Nothing will be typical except a near-equal amount of winning and losing, frustrating nights followed by refreshing ones. It is, indeed, the new normal.

Steph Curry omits LeBron James, Kevin Durant from all-time starting five

Steph Curry omits LeBron James, Kevin Durant from all-time starting five

When Stephen Curry's career is all said and done, there's a good chance many of the current younger generations of NBA fans will include him in their all-time starting five. They have seen the game evolve in front of their very own eyes, and no player was more responsible for that transition than the greatest shooter ever.

But Curry's career isn't over yet. Not even close. And as things currently stand, even he wouldn't include himself in his all-time starting five.

On the most recent episode of Showtime's "All the Smoke" with Stephen Jackson and Matt Barnes, Curry was asked which five players he would nominate for that lofty designation, and it's pretty tough to disagree with his selections.

Magic Johnson, Michael Jordan, Larry Bird, Tim Duncan and Shaquille O'Neal? Safe to say that squad would be tough to beat. Of course, if there's one thing that five-man unit is lacking, it's probably a lack of perimeter shooting. Maybe that's how Curry eventually fits in.

It's worth noting that Curry didn't include LeBron James on his list. Of course, if reported rivalries are to be believed, perhaps that explains the omission. Same goes for Kevin Durant, who recently left Curry out of his top-six hardest players to guard in the league. Are these sour grapes being thrown back and forth?

[RELATED: Steph admits he wanted Knicks to draft him instead of Dubs]

It's certainly possible in the modern NBA, but a far more likely explanation is that James and Durant, like Curry, aren't finished yet.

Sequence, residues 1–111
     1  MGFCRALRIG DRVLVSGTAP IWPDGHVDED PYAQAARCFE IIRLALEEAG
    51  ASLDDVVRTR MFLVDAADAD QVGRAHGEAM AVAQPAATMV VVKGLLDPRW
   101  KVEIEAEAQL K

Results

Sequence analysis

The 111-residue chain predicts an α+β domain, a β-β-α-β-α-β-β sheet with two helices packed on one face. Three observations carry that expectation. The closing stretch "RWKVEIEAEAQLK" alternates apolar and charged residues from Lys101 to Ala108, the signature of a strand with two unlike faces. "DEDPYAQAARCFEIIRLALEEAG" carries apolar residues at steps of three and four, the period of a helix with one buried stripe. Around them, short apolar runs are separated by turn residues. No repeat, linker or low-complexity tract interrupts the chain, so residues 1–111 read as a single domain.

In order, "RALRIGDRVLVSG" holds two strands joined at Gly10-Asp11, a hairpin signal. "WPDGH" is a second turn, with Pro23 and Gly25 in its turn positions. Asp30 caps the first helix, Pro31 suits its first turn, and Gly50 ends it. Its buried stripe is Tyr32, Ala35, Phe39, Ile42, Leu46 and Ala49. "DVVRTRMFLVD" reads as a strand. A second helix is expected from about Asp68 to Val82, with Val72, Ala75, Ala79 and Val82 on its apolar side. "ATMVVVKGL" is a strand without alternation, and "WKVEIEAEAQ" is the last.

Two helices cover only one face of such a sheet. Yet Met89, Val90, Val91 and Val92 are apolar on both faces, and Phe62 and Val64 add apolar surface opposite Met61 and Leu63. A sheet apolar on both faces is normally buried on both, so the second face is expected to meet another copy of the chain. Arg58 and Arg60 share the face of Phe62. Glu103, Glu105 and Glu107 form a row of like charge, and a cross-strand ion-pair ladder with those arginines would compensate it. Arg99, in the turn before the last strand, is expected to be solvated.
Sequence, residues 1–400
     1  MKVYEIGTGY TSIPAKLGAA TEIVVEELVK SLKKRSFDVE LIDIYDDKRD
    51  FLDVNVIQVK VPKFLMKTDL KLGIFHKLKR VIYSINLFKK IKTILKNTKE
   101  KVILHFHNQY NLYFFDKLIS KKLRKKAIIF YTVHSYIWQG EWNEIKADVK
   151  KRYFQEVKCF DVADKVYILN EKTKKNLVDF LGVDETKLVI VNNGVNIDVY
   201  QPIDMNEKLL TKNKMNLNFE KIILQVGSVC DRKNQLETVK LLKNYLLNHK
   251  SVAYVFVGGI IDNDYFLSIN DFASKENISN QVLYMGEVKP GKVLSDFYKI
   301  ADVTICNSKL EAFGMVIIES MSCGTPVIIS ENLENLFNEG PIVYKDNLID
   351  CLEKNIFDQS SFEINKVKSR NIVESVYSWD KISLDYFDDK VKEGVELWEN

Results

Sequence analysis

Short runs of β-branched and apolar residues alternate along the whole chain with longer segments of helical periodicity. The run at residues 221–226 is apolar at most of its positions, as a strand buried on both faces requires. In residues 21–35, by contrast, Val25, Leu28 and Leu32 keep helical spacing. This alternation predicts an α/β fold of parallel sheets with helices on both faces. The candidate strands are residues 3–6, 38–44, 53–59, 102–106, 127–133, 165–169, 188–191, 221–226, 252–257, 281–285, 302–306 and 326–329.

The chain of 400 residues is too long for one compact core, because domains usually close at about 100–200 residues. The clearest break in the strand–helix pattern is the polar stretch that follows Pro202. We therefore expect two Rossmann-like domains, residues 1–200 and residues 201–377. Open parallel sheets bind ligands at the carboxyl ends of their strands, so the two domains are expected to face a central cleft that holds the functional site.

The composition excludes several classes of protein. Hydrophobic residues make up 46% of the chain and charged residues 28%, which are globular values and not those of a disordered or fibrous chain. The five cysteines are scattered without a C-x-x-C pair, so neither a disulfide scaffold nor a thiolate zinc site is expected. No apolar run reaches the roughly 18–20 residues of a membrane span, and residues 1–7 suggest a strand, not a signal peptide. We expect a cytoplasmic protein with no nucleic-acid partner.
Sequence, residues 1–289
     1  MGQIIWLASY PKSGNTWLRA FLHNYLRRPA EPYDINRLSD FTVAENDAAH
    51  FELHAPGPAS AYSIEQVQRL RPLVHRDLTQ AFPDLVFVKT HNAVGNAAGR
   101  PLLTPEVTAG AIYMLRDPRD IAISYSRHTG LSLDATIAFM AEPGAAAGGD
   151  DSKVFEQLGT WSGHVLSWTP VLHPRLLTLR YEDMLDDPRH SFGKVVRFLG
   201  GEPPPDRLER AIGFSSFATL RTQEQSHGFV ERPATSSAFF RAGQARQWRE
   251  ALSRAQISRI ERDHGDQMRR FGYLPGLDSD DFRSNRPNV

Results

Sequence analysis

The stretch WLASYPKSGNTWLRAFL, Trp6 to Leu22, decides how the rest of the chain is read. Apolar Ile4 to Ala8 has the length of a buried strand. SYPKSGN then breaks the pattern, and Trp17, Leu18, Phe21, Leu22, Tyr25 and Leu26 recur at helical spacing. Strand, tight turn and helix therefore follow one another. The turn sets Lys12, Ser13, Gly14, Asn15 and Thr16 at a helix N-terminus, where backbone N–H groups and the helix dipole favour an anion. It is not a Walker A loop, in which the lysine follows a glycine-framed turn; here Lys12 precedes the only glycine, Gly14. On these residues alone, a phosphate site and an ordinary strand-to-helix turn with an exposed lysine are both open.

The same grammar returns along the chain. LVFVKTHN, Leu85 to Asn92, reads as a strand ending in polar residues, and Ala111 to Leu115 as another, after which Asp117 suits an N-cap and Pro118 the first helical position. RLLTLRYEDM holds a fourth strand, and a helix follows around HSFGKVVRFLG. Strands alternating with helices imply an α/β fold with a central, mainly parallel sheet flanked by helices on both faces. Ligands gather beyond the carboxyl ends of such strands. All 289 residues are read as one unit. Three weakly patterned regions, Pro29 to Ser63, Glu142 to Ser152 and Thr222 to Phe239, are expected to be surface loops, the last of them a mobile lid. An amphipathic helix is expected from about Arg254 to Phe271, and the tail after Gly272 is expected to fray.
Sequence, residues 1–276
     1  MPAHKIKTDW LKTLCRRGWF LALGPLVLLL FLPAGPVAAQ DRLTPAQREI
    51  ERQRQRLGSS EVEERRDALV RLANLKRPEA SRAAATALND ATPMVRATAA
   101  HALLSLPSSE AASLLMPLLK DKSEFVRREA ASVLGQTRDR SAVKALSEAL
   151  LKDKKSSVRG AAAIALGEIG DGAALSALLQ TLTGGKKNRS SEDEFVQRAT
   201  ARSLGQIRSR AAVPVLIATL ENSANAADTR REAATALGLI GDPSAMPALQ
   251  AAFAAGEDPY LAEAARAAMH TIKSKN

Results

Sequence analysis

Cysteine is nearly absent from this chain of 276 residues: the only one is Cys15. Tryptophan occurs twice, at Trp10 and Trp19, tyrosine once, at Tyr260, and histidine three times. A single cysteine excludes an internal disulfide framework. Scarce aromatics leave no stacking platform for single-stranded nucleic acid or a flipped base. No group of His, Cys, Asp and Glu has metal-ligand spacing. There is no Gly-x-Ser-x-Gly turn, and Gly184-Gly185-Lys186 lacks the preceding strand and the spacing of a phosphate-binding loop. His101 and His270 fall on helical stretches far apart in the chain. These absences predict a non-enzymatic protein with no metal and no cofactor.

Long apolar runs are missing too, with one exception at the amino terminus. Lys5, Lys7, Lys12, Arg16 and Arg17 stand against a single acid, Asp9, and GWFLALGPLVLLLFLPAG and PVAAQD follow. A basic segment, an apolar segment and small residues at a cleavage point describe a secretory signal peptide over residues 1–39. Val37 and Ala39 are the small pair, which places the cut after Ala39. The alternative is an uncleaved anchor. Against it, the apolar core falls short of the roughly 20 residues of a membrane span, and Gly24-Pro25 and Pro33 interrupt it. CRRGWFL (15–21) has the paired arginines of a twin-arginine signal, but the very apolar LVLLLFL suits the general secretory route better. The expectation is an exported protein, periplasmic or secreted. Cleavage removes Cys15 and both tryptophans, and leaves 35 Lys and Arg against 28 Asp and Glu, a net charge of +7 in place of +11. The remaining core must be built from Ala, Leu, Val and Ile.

Warriors send Jacob Evans down to G League in order to regain rhythm

Warriors send Jacob Evans down to G League in order to regain rhythm

SAN FRANCISCO -- Jacob Evans has held out hope for improvement for much of the season. For the time being, he'll try to reach the goal in the G League.

The Warriors guard's latest odyssey to Santa Cruz is expected to last until Sunday, providing Evans an opportunity to get more on-court time during an injury-plagued season. 

"This will give him a chance to play bigger minutes," Warriors coach Steve Kerr. "To develop a rhythm."

With the demotion, Evans will miss Friday's matchup against the Indiana Pacers in San Francisco. Instead, he will play Friday evening against the Wisconsin Herd at Kaiser Permanente Arena and Sunday's matchup against the South Bay Lakers. He'll then rejoin the Warriors on the team's upcoming five-game road trip, which starts Tuesday against the Philadelphia 76ers. 

Evans' second season in the NBA has been marred by injury.  A week into the season, he strained his left adductor, costing him 21 games. Last week, he missed three more games after suffering a concussion. All the while, he's shooting just 31 percent from the field and has been supplanted in the rotation by rookie Jordan Poole.

"These last few weeks have been tough, even before injury," Kerr said. He hasn't really been able to get himself going, we haven't been able to help him get going. We feel like this is a perfect time for him to get some playing time."

[RELATED: Warriors' Paschall credits rise to Jay Wright at 'Coaching Corps']

Evans was drafted in 2018 for his defensive acumen. He's struggled to find offensive success this season, averaging just four points despite averaging 10 more minutes per game. However, Kerr remains confident in Evans' long-term development. 

"He's a big, strong, smart defender. He's picked up a lot in his year and a half in the league," Kerr said. "So he's a guy I can trust and count on defensively. But like everybody in this disjointed season, it's been tough for him to find a niche."